A piezoelectric actuator of the present invention shown in FIG. 3, designated by reference 10, is mounted on the head suspension shown in FIG. 9 as the secondary stage fine tracking actuator. Elements shown in FIG. 13 identical to those shown in FIG. 9 are labeled with identical numerals. One of the two longitudinally spaced ends, i.e., one of the two ends along the x axis shown in FIG. 1, of the actuator 10 is affixed to the stationary portion 70 via the lower electrode 3 of actuator 10 by conducting adhesive or other known means, while another end is affixed to the moveable portion 45 of the mounting region 14. The two upper electrodes 2 a and 2 b of actuator 10 are connected to two electrical leads built in a trace (not shown), respectively. At the terminal of the trace there are electrical contact pads (not shown) to connect electrodes of actuator 10 to a servo control system (not shown). In response to tracking control voltage signals, micro-actuator 10 deflects the moveable section 80 with respect to the hinge 60. Therefore the flexure and slider 17 and the read/write head built in the slider move along a tracking axis 90 at a very high speed for settling and track following. The magnitude of the tracking control signals is controlled by the servo system to control the stroke of the pole tip of the read/write head.
Although the above embodiment is illustrated with the split-morph shown in FIG. 3 and the head suspension shown in FIG. 9, any one of the specific piezoelectric actuators in relation to the present invention shown in FIG. 1 through FIG. 8 can be mounted on the head suspensions shown in FIG. 9 through FIG. 12 as the secondary stage fine tracking actuator to form another embodiments of the head gimbal assembly of the present invention. FIG. 14 through FIG. 16 describe other preferred embodiments. The key point of these embodiments is using the split morph to connect the distal moveable portion and the proximal stationary portion of the suspension. When control voltage signals are applied, the split-morph deflects the moving portion along a tracking axis with respect to the hinge. In these figures the identical numerals to those shown in previous figures designate the identical elements.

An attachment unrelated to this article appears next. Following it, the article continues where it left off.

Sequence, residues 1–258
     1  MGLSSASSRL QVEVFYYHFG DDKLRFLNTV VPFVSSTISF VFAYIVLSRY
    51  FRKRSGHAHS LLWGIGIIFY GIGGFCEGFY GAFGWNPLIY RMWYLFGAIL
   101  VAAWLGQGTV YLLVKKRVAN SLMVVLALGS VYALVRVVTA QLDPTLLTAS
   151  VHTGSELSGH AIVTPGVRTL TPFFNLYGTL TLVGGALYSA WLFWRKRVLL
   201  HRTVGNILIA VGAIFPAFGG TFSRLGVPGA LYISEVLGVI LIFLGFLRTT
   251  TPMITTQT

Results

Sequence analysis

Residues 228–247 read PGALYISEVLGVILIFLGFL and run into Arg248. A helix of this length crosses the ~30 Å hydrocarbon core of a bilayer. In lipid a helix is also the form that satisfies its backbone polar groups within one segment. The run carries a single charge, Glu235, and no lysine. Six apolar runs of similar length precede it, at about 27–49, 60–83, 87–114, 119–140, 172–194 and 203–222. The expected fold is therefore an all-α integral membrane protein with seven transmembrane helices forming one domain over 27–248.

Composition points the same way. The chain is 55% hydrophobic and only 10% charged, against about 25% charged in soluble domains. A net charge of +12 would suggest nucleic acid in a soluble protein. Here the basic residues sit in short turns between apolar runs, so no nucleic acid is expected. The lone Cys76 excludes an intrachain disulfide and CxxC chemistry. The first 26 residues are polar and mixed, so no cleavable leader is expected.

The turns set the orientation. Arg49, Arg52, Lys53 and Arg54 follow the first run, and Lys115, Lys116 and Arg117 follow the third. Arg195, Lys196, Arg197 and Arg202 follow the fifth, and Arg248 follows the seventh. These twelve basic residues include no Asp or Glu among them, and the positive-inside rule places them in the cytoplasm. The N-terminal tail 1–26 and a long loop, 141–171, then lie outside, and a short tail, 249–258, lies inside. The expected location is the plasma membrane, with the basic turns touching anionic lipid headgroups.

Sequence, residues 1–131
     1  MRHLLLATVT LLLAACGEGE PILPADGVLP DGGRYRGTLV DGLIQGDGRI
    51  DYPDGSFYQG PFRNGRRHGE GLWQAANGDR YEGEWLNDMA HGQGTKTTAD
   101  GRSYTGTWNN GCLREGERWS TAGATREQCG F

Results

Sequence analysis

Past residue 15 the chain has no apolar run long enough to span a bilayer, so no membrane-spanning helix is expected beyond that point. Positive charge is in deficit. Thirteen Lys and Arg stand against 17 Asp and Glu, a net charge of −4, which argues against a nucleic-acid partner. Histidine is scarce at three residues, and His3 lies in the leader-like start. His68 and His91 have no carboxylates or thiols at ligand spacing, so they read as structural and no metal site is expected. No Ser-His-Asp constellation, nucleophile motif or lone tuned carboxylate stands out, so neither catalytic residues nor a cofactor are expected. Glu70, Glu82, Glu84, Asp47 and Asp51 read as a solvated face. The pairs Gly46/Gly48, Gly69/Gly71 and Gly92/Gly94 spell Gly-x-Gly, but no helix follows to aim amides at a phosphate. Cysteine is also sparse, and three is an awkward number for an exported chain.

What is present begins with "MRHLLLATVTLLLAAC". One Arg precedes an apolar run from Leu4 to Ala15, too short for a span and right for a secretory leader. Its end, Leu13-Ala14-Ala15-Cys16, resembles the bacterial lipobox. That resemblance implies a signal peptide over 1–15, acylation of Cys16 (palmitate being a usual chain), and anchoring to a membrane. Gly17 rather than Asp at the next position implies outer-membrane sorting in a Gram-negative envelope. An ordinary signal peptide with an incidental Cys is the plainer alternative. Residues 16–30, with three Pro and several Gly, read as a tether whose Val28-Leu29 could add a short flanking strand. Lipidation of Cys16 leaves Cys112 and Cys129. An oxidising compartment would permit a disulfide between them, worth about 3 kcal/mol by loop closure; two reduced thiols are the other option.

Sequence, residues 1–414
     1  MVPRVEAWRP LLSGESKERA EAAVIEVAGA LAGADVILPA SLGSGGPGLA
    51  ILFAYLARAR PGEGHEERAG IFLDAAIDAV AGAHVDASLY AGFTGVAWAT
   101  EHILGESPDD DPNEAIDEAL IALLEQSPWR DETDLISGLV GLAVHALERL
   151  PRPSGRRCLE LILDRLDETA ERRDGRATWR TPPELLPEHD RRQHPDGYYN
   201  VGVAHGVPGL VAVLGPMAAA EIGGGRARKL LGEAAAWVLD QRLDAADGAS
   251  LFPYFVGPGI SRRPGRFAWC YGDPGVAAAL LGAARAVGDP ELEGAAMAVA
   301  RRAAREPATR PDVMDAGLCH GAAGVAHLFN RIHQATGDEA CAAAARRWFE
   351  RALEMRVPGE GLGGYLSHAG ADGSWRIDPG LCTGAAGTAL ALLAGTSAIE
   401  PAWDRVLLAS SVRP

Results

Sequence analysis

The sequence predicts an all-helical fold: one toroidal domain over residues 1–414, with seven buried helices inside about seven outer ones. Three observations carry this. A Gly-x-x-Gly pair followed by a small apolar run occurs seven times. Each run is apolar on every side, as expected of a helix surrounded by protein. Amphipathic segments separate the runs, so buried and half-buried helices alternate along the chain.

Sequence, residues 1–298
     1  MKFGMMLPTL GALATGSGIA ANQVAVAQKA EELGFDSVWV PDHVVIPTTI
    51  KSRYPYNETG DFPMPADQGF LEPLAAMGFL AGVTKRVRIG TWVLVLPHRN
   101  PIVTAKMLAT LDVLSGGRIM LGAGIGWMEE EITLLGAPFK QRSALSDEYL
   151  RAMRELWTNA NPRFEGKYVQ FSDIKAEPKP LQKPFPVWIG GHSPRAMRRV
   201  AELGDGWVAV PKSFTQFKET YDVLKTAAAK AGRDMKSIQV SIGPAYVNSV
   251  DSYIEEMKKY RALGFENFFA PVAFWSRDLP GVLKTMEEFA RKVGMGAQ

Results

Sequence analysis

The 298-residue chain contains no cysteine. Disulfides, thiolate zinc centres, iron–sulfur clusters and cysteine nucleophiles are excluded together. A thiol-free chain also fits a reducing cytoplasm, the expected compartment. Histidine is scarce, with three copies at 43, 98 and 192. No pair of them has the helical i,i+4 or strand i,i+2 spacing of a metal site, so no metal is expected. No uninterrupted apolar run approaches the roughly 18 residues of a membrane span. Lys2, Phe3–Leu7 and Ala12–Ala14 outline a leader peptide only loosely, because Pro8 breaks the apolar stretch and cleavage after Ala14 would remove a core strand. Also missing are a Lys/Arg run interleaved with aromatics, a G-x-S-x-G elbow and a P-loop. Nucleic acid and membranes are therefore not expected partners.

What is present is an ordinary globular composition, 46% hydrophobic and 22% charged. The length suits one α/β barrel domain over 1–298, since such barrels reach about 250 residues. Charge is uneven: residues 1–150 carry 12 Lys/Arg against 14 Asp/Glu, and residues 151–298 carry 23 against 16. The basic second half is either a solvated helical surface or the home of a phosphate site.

Actually, in addition to the head suspension illustrated in the embodiments of the present invention, the split-morph of the present invention can also be mounted on any type of modification of the existing Watrous-type suspension, providing it includes a proximal stationary section and a distal moveable section with the flexure and slider. FIG. 17 and FIG. 18 illustrate such an embodiment in which a split morph designated as 10 is mounted on a head suspension according to U.S. Pat. No. 6,046,888 by Todd A. Krinke et.al., where the moveable section is driven by two pieces of a normal parallelogram shaped piezoelectric actuator.